Andre Reis raises a good point, when he asks" Why are we failing to convince many bright minds in our midst of the strength of our prophetic interpretations? " Let’s consider the three basic SDA interpretations regarding the little horn of Daniel 8:9-11 below, in the light of George Knight’s statement: “If Adventism’s apocalyptic big picture isn’t valid, the most sensible thing is to shut up shop, go home and do something meaningful with our lives” ( The Apocalyptic Vision and the Neutering of Adventism , 54).

1844-1980. SDA’s generally accepted Daniel 8:9-11 applied to Rome, the crucifixion of Christ, and the destruction of the earthly temple. The identity of the daily remained for a better day for a final answer.

1980-2002. SDA’s generally accepted Dan. 8:9 applied to pagan Rome, while verse 11, or verses 10 and 11, applied to papal Rome. The daily of Daniel is applied to Christ’s ministry.

2002-2018. The current SDA church position is that Daniel 8:9-11 applies to the Papacy only. Consequently it is considered a Papal host has not only overthrown the heavenly host, this host also controls the ministry in the MHP of the heavenly temple. The 2,300 days apply to the persecuting rule of the Papacy.

As neither the President nor anyone else is prepared to confirm which of the above interpretations, applies to FB 24 today; is it possible that none of our scholars evangelists or pastors are aware that none of these positions fulfil a strict application of the generally accepted principles of interpreting prophecy below. Or are they, (with a few exceptions), simply " slaves of the organization that employs them. " Henry Newman?

History confirms fulfilled prophecy.

When the plain Word of Scripture makes sense we should seek no other explanation.

When a latter Prophet provides an explanation of an earlier prophecy, we should accept the explanation provided by the latter Prophet.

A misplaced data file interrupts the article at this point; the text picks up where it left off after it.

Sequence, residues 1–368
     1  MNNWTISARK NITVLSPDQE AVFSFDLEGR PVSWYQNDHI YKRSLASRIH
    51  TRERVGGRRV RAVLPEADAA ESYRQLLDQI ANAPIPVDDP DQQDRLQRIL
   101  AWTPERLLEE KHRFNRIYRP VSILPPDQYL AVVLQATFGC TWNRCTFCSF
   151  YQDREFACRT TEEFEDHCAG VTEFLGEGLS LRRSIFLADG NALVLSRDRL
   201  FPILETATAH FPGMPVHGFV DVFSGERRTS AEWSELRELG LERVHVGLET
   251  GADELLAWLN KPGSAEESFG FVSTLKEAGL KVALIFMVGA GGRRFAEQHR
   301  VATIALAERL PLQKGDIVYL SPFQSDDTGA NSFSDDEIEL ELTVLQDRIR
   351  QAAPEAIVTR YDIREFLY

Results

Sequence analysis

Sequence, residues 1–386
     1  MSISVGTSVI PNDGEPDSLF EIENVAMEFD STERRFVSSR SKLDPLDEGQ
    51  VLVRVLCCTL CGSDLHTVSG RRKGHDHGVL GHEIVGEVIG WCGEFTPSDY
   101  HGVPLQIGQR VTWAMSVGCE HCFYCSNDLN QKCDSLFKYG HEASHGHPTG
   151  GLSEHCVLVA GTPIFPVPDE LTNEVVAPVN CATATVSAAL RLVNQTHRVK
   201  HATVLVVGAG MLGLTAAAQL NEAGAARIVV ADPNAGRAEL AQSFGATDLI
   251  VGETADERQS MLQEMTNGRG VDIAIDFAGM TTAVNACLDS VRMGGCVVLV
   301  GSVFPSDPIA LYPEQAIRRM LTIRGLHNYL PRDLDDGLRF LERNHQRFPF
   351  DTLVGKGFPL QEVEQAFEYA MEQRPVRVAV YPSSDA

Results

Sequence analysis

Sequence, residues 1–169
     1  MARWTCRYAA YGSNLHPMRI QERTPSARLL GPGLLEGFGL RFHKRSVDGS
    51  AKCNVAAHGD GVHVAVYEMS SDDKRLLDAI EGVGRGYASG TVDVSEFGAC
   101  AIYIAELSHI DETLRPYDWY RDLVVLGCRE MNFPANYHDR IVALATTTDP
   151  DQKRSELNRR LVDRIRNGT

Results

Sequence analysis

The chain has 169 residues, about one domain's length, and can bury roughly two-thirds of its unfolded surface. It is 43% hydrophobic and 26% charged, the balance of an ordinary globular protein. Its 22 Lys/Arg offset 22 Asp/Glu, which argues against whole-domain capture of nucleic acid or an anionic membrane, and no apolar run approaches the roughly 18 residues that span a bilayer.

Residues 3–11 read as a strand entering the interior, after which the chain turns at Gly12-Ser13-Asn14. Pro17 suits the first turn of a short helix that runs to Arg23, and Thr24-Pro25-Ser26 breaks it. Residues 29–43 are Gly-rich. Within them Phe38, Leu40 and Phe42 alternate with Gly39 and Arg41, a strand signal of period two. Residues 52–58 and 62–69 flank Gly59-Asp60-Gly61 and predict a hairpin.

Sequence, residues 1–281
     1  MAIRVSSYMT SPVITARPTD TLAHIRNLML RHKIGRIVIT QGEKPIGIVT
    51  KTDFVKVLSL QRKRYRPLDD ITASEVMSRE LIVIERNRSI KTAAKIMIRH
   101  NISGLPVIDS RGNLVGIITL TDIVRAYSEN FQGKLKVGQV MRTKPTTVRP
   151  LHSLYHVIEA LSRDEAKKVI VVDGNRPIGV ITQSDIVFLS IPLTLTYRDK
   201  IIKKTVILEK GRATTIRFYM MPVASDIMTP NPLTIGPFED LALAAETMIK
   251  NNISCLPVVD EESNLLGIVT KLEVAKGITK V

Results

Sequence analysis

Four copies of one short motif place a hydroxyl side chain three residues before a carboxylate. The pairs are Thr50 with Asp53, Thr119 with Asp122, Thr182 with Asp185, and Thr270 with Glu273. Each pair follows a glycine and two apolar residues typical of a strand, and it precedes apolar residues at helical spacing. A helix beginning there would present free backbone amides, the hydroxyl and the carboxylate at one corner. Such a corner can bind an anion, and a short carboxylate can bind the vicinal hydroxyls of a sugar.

Consequently, unless and until, there is general agreement regarding the principles of prophetic interpretation, and these principles are strictly applied, it appears men will continue to present their fanciful theories, irrespective of counsels such as the following.

When the books of Daniel and Revelation are better understood, believers will have an entirely different religious experience. — .FLB 346

Our people need to understand the oracles of God; they need to have a systematic knowledge of the principles of revealed truth, which will fit them for what is coming upon the earth and prevent them from being carried about by every wind of doctrine.–5T 273 (1885). {LDE 66.5}

Put away all fanciful theories. Let the truth stand out in its original power. {21MR 177.4}

His church is to be taught. Enfeebled and defective though it is, it is the object of His supreme regard. {21MR 177.5}

My brethren, the Lord will help you mightily if you will be guided by Him, and I am confident that you will be. May He help you now, just now, to receive and believe the testimony that comes to you.–Letter 279, 1904.

So What

The Seventh-day Adventist Church was founded largely, if not entirely, in accordance with the prophecies of Daniel 8:9-14 and the associated messages of Revelation 13 and 14. Messages that must go to the whole world " again " when the deadly wound, inflicted in 1798, is fully healed, cf. Rev. 13:3, 12. “ All the world marvelled and followed the beast ,” who " opened his mouth in blasphemy against God, to blaspheme His name, and His tabernacle, and them that dwell in heaven ." vs.6, when he is "allowed" to " make war with the saints and overcome them: and power was given him over all kindreds, and tongues, and nations ." vs. 7; Dan. 7:21. John is very clear verse 7 of verses 6-10 applies to all " the saints ," (The SDA saints, as well as the saints in the fallen churches).

What is more important : Power and control associated with the endless discussion regarding the Ordination of Women, a non Fundamental Belief that has caused division in the church for decades. Or to be earnestly seeking to fortify the mind with the Fundamental truths of the Bible in order to stand through the last great conflict, and not be carried away by every wind of doctrine that is blowing in the church today? Time is short, but the Lord, in His mercy, continues to hold back the winds of strife in order that His people may heed His warnings and counsels to be ready to "prophesy again before many peoples, and nations, and tongues, and kings." Rev. 10:11.

When this gospel of the kingdom has been preached in all the world for a witness unto all nations a second time; then shall the end come. cf. Matthew 24:14.

The word of God was carried to the people; and all classes, high and low, rich and poor, learned and ignorant, eagerly studied it for themselves. Are we, in this last conflict of the great controversy, as faithful to our trust as the early Reformers were to theirs? cf. PK 625-627.